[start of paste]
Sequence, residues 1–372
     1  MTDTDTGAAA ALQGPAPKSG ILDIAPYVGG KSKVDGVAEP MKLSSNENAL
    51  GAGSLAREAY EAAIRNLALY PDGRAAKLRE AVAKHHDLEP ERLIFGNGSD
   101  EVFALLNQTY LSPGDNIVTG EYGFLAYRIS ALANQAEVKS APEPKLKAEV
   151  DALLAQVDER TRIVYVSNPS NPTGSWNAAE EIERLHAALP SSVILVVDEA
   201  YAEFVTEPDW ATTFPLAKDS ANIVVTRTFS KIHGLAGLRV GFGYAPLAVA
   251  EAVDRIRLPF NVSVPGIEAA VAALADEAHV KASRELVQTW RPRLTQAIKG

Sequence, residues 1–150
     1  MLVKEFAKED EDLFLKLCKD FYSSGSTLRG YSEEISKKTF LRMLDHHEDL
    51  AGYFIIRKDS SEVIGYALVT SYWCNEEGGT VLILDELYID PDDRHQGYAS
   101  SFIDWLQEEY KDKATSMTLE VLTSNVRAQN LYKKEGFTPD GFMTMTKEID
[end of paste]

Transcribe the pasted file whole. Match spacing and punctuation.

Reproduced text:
Sequence, residues 1–372
     1  MTDTDTGAAA ALQGPAPKSG ILDIAPYVGG KSKVDGVAEP MKLSSNENAL
    51  GAGSLAREAY EAAIRNLALY PDGRAAKLRE AVAKHHDLEP ERLIFGNGSD
   101  EVFALLNQTY LSPGDNIVTG EYGFLAYRIS ALANQAEVKS APEPKLKAEV
   151  DALLAQVDER TRIVYVSNPS NPTGSWNAAE EIERLHAALP SSVILVVDEA
   201  YAEFVTEPDW ATTFPLAKDS ANIVVTRTFS KIHGLAGLRV GFGYAPLAVA
   251  EAVDRIRLPF NVSVPGIEAA VAALADEAHV KASRELVQTW RPRLTQAIKG

Sequence, residues 1–150
     1  MLVKEFAKED EDLFLKLCKD FYSSGSTLRG YSEEISKKTF LRMLDHHEDL
    51  AGYFIIRKDS SEVIGYALVT SYWCNEEGGT VLILDELYID PDDRHQGYAS
   101  SFIDWLQEEY KDKATSMTLE VLTSNVRAQN LYKKEGFTPD GFMTMTKEID